Environmental Heterogeneity, Animal Disturbances, Microsite Characteristics, and Seedling Establishment in a Quercus havardii Community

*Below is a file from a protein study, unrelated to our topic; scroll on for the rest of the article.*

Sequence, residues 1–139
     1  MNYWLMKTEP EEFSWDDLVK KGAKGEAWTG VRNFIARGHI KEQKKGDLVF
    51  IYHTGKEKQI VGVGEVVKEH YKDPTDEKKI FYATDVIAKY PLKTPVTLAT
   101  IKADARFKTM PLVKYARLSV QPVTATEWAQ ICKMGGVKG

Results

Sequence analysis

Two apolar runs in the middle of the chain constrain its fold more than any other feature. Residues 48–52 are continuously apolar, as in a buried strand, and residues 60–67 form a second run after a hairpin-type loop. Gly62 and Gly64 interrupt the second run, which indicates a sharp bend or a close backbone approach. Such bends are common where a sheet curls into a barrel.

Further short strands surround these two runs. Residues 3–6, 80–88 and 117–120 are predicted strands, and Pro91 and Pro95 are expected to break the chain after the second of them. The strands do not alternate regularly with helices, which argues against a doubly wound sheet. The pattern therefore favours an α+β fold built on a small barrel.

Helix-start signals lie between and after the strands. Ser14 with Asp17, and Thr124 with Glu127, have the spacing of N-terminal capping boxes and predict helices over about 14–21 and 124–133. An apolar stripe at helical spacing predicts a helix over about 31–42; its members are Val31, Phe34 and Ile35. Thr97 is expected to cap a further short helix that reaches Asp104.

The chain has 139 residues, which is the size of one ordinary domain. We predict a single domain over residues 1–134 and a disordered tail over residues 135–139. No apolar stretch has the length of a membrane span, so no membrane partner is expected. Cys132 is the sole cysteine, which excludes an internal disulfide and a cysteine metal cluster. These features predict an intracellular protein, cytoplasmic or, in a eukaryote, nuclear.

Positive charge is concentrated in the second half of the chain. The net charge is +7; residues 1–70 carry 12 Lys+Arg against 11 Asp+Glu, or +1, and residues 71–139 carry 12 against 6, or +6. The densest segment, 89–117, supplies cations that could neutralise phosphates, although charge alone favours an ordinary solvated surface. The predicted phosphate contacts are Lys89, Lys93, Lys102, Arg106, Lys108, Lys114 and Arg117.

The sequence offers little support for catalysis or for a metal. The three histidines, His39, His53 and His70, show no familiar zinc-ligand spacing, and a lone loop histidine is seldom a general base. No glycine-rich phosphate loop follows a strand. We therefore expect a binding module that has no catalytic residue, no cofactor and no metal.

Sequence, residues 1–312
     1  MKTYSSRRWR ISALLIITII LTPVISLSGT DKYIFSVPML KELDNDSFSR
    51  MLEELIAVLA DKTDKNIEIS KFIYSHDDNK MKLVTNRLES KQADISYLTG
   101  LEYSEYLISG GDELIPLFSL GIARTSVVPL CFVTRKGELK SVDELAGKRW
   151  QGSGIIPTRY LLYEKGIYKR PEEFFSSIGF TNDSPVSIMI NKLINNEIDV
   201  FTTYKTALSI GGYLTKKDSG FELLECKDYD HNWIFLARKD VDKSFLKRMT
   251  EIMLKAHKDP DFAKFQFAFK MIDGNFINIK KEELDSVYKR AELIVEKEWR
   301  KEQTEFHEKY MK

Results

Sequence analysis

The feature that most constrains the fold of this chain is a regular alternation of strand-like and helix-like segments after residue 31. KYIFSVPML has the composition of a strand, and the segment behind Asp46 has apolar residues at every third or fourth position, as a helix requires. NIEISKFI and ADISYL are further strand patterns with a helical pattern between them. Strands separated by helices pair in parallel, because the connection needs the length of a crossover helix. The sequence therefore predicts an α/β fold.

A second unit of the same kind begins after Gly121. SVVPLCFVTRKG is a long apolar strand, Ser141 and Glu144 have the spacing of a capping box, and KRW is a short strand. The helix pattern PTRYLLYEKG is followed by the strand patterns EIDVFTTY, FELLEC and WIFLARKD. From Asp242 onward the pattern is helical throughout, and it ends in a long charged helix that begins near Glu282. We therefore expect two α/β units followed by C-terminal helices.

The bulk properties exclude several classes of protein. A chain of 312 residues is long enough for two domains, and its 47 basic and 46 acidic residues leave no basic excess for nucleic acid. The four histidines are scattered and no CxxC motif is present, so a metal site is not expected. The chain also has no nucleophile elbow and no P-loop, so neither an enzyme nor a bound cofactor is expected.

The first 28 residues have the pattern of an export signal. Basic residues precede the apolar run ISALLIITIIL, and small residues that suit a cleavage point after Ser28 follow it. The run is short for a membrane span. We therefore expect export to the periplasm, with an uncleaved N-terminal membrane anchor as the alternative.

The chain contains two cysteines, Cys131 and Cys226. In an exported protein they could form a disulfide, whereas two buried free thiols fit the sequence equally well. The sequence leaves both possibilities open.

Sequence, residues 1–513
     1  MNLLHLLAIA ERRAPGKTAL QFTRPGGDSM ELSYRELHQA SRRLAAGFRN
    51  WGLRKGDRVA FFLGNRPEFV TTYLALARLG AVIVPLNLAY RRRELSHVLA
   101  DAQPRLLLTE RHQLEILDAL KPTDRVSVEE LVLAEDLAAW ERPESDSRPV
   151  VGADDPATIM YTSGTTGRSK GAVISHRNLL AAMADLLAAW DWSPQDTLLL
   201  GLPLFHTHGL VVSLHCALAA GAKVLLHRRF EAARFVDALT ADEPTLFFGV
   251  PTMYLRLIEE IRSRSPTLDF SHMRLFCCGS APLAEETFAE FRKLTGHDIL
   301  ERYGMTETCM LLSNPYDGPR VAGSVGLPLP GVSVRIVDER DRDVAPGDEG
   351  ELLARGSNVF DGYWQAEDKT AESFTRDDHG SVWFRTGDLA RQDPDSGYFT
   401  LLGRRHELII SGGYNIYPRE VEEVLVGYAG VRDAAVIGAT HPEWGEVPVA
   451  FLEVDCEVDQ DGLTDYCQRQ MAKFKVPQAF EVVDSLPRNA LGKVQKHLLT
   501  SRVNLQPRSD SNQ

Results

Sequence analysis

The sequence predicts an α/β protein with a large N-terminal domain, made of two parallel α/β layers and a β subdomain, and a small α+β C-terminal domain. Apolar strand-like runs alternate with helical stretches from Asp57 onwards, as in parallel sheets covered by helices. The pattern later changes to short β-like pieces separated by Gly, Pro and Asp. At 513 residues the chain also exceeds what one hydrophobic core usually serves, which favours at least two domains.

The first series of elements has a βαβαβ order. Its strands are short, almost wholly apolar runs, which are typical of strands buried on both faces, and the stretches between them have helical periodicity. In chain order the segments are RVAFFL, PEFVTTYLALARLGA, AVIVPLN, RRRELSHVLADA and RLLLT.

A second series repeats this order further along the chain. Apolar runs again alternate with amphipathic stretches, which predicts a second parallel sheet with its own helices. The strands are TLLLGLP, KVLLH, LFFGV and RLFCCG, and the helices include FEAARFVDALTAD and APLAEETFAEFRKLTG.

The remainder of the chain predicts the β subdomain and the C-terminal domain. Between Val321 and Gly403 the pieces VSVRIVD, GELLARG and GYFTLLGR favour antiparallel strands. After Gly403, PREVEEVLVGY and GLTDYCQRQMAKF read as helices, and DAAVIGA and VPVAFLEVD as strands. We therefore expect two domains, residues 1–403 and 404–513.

In restoration experiments it is imperative to consider the study of mechanisms of how species are maintained and preserved in a system. This paper reports on the results of a field experiment examining the growth and survival of seedlings of Schizachyrium scoparium, a dominant perennial bunchgrass member of the Quercus havardii (sand shinnery oak) communities of semiarid western Texas, on mounds of displaced soil produced by Sylvilagus auduboni (rabbit). The central question posed is: does environmental heterogeneity created by small mammals influence seedling survival and growth? The specific questions addressed are: (1) Does seedling survival, growth, and nutrient uptake vary when grown on mounds, off-mound soils, and artificially created mounds?; (2) What is the influence of the microbial and litter components of mound soils on seedling survival?; and (3) In communities where animal disturbances create environmental heterogeneity and may impact seedling establishment, is it possible to artificially create mounds that could serve a similar function? Results show that characteristics of mound soils increase seedling survival, shoot and root biomass, root length, number of tillers, mycorrhizal infection, and nutrient uptake more in plants grown on mounds than off mounds. Both the microbial and litter components of mound soils are essential components of this effect. Artificial mounds generated from soils associated with the herbaceous community were more similar to intact rabbit mounds than artificial mounds generated from soils associated with the oaks. The results indicate that rabbits produce rich patches (both nutrient and microbial) favorable to the growth of seedlings of the dominant bunchgrass, and point to the potential importance of rabbit disturbances in shaping the dynamics of this plant community. Thus, rabbit-generated disturbances produce environmental heterogeneity in the sand shinnery oak community, similar to that produced by harvester ants in this community as shown by an earlier study. Small animal activity that results in soil displacement, and influences soil characteristics, may indirectly contribute to the persistence of certain plant species within a community. Thus, disturbances may well operate in semiarid communities to produce nutrient and microbe rich microsites which may function to maintain diversity.